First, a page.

Opioids, Race, Context, and Journeys to Crime: Analyzing Black–White Differences in Travel Associated With Opioid Possession Offenses

AuthorJascha Wagner,Andrew C. Gray,Ellen A. Donnelly,Daniel J. O’connell,Cresean Hughes,Tammy L. Anderson
Published date01 December 2021
Date01 December 2021
Subject MatterArticles
CRIMINAL JUSTICE AND BEHAVIOR, 2021, Vol. 48, No. 12, December 2021, 1714 –1731.
DOI: https://doi.org/10.1177/00938548211006757
Article reuse guidelines: sagepub.com/journals-permissions
© 2021 International Association for Correctional and Forensic Psychology
Analyzing Black–White Differences in Travel
Associated With Opioid Possession Offenses
University of Delaware
Texas A&M International University
University of Delaware
Journeys to crime, or distances traveled from residences to places of alleged crimes, describe how people enter into the
criminal justice system. Race, as an ascribed characteristic of individuals and a determinant of community conditions, intro-
duces disparities in journeys to crime. Use of opioids among nonurban, White populations and changing law enforcement
responses prompt inquiry into how race affects journeys to crime associated with opioid possession. This study evaluates
Black–White differences in travel among persons arrested for opioid possession in Delaware. It applies race and rationality
theory to assess the effects of race and racialized context on travel patterns. Multilevel models reveal travel to possess opioids
is greater for White relative to Black Delawareans. Community conditions such as marijuana possession arrest rates and
concentrated disadvantage have varying impacts on travel from various geographic areas. Racial–spatial differences in travel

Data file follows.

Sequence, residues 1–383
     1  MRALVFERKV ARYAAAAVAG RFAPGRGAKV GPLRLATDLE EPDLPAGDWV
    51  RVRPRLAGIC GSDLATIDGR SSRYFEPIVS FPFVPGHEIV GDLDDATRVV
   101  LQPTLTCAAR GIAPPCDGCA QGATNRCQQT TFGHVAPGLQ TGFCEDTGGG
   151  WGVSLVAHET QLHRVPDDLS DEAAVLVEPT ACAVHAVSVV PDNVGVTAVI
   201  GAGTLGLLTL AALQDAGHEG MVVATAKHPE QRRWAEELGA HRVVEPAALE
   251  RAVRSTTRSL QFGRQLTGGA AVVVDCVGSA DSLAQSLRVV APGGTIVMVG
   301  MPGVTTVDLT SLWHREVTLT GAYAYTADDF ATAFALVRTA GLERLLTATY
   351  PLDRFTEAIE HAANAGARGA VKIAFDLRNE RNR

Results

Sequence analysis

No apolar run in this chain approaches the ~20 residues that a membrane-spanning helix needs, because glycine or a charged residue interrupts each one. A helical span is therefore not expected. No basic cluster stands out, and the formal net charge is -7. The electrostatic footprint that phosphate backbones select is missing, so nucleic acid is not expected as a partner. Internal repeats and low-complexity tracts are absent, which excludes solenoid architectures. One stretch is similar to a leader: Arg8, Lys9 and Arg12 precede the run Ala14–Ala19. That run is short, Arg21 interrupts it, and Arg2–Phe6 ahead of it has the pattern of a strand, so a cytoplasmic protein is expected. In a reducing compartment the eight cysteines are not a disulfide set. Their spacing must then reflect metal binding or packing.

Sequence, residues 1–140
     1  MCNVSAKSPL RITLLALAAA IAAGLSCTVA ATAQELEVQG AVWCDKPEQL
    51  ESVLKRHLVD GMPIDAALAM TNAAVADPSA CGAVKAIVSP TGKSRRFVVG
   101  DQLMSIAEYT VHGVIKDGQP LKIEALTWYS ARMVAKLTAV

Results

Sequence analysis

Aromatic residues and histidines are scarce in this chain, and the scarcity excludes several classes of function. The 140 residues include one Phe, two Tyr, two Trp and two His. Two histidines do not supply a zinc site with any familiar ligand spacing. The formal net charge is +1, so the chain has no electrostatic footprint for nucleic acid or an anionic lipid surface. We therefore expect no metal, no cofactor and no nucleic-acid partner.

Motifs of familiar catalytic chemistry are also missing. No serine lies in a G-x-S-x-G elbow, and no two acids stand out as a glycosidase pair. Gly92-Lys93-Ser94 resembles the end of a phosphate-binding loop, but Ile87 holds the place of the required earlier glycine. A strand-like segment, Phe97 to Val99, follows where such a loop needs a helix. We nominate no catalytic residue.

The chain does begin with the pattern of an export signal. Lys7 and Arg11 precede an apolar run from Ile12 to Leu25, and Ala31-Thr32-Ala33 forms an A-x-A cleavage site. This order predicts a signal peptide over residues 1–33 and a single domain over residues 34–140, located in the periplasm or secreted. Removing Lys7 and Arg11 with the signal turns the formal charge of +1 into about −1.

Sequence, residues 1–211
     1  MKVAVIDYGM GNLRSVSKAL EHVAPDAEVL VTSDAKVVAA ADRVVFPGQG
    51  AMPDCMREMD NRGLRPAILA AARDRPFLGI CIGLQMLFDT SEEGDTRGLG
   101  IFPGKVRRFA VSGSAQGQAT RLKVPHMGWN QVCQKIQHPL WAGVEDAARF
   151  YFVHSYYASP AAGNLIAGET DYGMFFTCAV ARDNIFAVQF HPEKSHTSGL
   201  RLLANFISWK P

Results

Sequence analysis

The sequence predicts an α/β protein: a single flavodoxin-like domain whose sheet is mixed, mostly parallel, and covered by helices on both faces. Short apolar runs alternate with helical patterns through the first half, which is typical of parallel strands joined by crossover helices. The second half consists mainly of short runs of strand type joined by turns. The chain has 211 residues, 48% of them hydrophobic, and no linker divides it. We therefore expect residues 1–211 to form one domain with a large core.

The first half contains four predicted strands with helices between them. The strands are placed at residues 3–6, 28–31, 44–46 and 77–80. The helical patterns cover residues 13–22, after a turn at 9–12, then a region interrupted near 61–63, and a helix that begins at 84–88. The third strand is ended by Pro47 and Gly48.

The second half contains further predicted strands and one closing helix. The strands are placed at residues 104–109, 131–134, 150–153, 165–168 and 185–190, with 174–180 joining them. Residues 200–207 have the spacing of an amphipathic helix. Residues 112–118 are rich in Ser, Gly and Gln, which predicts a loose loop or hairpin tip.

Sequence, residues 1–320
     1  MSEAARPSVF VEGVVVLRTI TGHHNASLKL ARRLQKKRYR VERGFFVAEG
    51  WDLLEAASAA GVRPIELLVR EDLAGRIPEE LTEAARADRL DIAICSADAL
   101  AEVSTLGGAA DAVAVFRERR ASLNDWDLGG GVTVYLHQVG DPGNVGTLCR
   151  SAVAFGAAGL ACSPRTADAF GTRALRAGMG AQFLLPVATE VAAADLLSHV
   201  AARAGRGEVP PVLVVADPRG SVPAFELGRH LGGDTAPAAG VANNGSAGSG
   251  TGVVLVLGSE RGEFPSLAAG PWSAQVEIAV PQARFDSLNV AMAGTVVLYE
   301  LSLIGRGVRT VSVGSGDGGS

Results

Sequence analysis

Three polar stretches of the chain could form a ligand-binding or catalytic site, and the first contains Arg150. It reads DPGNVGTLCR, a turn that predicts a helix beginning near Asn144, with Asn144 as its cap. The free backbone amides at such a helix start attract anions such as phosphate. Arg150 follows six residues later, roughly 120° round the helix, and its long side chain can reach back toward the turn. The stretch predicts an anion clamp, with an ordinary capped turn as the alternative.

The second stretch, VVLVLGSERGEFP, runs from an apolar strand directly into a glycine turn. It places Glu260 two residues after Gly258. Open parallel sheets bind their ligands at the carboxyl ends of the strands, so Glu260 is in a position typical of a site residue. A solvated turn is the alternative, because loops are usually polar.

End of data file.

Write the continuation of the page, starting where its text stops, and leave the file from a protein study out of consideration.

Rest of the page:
show persistent disparities in drug law enforcement amid efforts to curb opioid misuse.
Keywords: race; substance use; offending; offender; criminal justice; quantitative methods; policing
The long-studied concept of a “journey to crime” posits that a person comes into con-
tact with the criminal justice system by traveling from one place to another where an
alleged crime occurs (Chopin & Caneppele, 2019; White, 1932). Although journeys to
AUTHORS’ NOTE: This research derives from work on the “Delaware Opioid Metric Intelligence Project”
(2017-IJ-CX-0016), funded by the National Institute of Justice, U.S. Department of Justice. Tammy L. Anderson
of the Center for Drug and Health Studies is the principal investigator of this funded project. Correspondence
concerning this article should be addressed to Ellen A. Donnelly, Center for Drug and Health Studies,
University of Delaware, 257 E. Main St., Newark, DE 19711; e-mail: done@udel.edu.
1006757CJBXXX10.1177/00938548211006757Criminal Justice and BehaviorDonnelly et al. /
crime may be complex—involving multiple stops, backtracking, or loops around areas
before a crime occurs (Rossmo et al., 2004)—travel is most commonly examined by cal-
culating the shortest distance from a person’s home to the location of an alleged criminal
incident (Rengert, 2004). Distances traveled by individuals are not equal (Gabor &
Gottheil, 1984), especially in the context of drug buying as the availability of illicit sub-
stances (Smart, 1980) and enforcement of drug laws (Beckett et al., 2005; Johnson et al.,
2013) vary across geographic space. To explain variation in travel associated with drug